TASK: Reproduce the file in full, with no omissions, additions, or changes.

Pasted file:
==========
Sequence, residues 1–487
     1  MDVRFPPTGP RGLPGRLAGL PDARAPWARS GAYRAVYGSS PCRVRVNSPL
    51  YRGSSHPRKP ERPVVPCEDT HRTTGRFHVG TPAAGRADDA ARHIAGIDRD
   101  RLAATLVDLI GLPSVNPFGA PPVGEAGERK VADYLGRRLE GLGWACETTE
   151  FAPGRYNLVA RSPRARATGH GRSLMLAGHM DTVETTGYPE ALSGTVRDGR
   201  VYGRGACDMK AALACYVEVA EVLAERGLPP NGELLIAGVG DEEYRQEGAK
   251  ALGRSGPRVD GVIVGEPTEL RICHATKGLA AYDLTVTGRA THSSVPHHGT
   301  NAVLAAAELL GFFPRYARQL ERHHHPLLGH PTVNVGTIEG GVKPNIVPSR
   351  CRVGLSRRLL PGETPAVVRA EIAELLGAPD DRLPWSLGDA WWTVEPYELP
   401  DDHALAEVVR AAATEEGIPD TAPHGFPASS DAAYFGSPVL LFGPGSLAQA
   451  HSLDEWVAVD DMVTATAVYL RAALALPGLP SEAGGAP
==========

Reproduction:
Sequence, residues 1–487
     1  MDVRFPPTGP RGLPGRLAGL PDARAPWARS GAYRAVYGSS PCRVRVNSPL
    51  YRGSSHPRKP ERPVVPCEDT HRTTGRFHVG TPAAGRADDA ARHIAGIDRD
   101  RLAATLVDLI GLPSVNPFGA PPVGEAGERK VADYLGRRLE GLGWACETTE
   151  FAPGRYNLVA RSPRARATGH GRSLMLAGHM DTVETTGYPE ALSGTVRDGR
   201  VYGRGACDMK AALACYVEVA EVLAERGLPP NGELLIAGVG DEEYRQEGAK
   251  ALGRSGPRVD GVIVGEPTEL RICHATKGLA AYDLTVTGRA THSSVPHHGT
   301  NAVLAAAELL GFFPRYARQL ERHHHPLLGH PTVNVGTIEG GVKPNIVPSR
   351  CRVGLSRRLL PGETPAVVRA EIAELLGAPD DRLPWSLGDA WWTVEPYELP
   401  DDHALAEVVR AAATEEGIPD TAPHGFPASS DAAYFGSPVL LFGPGSLAQA
   451  HSLDEWVAVD DMVTATAVYL RAALALPGLP SEAGGAP